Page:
Keelung (Taipei), Taiwan – we took the all day princess excursion of Taipei – excellent tour! Our friends independently went into Taipei taking the train in Keelung and then rode the hop on hop off bus for the day.  We saw way more than our friends did and having a guide who  explained things was worth the price for us with the princess excursion.

Ishigaki – we took a princess excursion here. The glass bottom boat ride that was part of the tour was the best glass bottom boat ride that we’ve ever had anywhere in the world! Our friends booked an independent tour at this port, which turned out tricky to get to because the immigration on the ship was taking so long and then they needed to catch a bus into the city to be able to catch their excursion, which they did end up catching their tour however it was all in Japanese.  Sometimes it is worth paying a little more for a princess tour.

Okinawa – we took the princess battle of Okinawa excursions, which we enjoyed

 

Let me know if you have any questions. I’m happy to help having just been on the Diamond Princess.

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Thanks for the  outstanding  review. We have considered cruising Japan via Princess. I hope others who have cruished Princess  in Japan  will add their experiences  to this thread,

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Thank you for posting. Details about the long lines is a turnoff for me.

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My experiences to yours over several years doing this ship are significantly different in some areas.

 

First I think they can dispense with the cruse director who only speaks English. They have had excellent native Japanese directors over the years that can fluently speak both languages and do a much better job on their own than acting as an assistant.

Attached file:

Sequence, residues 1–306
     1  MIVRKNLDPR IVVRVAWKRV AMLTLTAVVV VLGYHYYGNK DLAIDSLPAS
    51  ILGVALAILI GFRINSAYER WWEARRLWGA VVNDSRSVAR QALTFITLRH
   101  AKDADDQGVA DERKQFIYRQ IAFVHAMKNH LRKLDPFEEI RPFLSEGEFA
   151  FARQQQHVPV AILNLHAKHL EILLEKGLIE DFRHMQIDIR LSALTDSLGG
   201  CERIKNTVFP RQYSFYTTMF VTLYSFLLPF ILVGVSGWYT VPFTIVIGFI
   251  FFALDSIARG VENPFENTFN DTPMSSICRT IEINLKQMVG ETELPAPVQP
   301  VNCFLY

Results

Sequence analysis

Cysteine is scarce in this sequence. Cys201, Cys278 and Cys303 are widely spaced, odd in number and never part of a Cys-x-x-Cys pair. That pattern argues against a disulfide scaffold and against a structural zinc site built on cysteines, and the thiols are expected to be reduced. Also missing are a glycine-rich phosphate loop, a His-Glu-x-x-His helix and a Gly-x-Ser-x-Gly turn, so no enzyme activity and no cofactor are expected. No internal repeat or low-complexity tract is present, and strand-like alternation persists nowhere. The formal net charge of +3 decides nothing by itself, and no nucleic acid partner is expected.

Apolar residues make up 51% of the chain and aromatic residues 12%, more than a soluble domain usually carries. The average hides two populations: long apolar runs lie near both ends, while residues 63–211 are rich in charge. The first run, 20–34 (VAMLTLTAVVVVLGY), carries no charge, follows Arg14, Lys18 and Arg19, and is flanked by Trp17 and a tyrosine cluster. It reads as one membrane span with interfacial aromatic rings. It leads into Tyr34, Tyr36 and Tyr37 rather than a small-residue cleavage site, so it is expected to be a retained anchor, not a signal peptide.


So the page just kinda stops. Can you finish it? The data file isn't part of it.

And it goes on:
The one thing that made me scratch my head was the comment about lines "queues" or whatever you want to call them. After at least 6 cruises on that ship in Japan I never encountered anything like the lines you described. Unless you were unfortunate to have an organised group on board most people are far too organised to line up for anything with times staggered accordingly to avoid such congestion. I am beginning to wonder if the people you saw were either an organised tour from Taiwan or China joining in which does happen. Japanese are far too organised to waste time like that. They are precise and will line up if they have to but they will also stagger times to avoid unnecessarily causing a public display of lining up like that. I also worked with multiple Japanese tour groups when they come to Australia for tours around Ayers Rock. When there are multiple organised tours here they go to great extents to time things precisely so that they are not all lining up together or doing things at the same time just to avoid congestion and make things flow more easily.

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10 minutes ago, emmak8 said:

Thank you for posting. Details about the long lines is a turnoff for me.

Read above the lines never happened on any of the cruises I have done there.

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We're doing an 18 day Japan cruise in April.  Your post is very informative.  Thanks!

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There wasn't an IC on the Diamond in October 2017 when I did the CIRCLE OF JAPAN cruise. Is it there now?

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1 hour ago, satxdiver said:

We just spent 28 days on the Sapphire Princess, a sister ship to the Diamond.  The Sapphire had an IC on the piazza so I looked at the Diamond deck diagram on the Princess website and there is no IC listed.  So it appears the answer is no.  Waiting for onsite observation however.